Sleeping on the Window Sill

The build up to moving from Primary to Secondary school became more and more apparent as the months rolled by and the time crept ever closer. Ryan's meltdowns increased and he took to regularly sleeping on his window sill. In his bedroom he has a lovely deep sill that we made into a window seat. He spent a lot of time sitting, contemplating and so it appears, sleeping. Unfortunately Ryan was once again excluded during year 5 for violent behaviour, which although is inexcusable the reasons go back to that metaphorical fizzy pop bottle . The instances of bolting from school and becoming angry with the world once again escalated, but we now knew why these were happening and the SENCos from both schools where in close contact helping us all to prepare for Ryan’s next biggest challenge. Ryan was given extra ‘transition days’ in his new school to prepare him and make it a little less daunting, but the stress was too much and Ryan developed Shingles. He was really poorly for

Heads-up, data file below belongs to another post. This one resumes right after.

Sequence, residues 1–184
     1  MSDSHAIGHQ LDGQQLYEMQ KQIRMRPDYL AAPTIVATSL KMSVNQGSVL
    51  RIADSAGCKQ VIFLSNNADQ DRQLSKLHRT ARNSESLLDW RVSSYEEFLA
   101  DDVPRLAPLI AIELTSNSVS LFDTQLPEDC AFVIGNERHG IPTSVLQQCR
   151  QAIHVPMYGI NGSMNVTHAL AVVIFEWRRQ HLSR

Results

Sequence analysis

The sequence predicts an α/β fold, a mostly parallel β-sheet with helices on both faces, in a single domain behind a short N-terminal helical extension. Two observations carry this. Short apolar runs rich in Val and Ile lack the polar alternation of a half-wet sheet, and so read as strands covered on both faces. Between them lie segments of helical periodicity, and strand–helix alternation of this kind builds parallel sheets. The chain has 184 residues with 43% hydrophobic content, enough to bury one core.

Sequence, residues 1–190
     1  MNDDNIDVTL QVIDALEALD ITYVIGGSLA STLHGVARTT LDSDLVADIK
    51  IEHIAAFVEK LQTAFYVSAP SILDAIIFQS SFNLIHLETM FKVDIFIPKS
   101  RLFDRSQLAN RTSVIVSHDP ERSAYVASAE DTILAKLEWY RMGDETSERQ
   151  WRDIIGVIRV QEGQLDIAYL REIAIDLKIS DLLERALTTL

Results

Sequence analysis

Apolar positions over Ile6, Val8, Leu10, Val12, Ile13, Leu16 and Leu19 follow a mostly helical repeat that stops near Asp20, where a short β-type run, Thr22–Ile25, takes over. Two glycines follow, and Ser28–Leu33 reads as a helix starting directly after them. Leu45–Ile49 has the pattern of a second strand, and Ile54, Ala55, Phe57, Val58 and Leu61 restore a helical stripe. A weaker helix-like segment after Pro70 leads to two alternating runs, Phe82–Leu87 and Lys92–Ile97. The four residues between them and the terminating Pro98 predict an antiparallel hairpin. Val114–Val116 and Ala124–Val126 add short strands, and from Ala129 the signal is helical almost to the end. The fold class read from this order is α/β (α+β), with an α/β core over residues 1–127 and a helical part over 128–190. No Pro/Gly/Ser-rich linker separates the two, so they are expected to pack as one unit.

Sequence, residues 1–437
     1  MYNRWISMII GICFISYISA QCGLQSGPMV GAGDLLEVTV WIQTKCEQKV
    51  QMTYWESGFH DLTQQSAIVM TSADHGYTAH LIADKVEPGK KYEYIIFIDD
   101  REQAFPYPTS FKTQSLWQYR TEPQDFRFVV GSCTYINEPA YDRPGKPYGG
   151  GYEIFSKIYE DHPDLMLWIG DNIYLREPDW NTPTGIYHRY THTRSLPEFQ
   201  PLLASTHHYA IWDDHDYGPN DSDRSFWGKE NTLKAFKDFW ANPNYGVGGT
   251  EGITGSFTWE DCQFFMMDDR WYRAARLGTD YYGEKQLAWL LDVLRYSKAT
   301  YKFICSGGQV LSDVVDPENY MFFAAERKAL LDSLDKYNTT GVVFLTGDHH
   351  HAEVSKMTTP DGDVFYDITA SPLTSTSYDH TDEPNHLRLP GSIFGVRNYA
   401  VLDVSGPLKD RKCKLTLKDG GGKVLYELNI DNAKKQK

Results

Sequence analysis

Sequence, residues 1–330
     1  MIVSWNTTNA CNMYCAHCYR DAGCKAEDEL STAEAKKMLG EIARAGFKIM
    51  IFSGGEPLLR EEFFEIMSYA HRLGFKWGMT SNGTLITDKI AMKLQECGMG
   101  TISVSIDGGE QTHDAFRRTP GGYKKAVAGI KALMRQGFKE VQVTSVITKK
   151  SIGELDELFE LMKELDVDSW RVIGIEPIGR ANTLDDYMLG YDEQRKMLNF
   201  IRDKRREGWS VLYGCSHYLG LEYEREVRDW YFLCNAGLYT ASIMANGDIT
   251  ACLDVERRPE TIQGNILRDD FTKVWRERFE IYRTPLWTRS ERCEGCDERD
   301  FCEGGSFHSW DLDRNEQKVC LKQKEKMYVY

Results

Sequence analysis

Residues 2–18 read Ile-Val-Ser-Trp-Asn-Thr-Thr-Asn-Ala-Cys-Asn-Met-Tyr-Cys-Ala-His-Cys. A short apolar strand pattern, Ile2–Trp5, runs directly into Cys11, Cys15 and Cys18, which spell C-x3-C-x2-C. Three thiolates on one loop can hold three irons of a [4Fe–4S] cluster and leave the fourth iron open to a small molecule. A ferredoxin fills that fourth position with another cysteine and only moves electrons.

White Rabbits

Mental Health Concerns. We didn’t have the best start to 2009 either. Ryan’s violence continued to escalate as did my concern for his mental health. He was still very violent & disruptive. He wanted to kill everyone or himself. His head was ‘Full of zombies & voodoo’ (no he wasn’t playing computer games at this point). Several more instances and meltdowns resulted in him bolting from the house and school. This is where the Education Psychologist (EP) comes in (remember I mentioned her in Horror Friday ). She first met Ryan in March 09, he was seven at this point, and she agreed that he was a very challenging boy. The EP provided a very detailed report on her day spent observing him and offered some excellent advice and strategies for managing the situation going forward. Things did improve slightly for April and one of the strategies of Ryan being moved ‘up’ a class for his Maths seemed to work well. Giving Ryan some much needed boost to his self esteem. Oh I do have a knack

Conners Questionnaire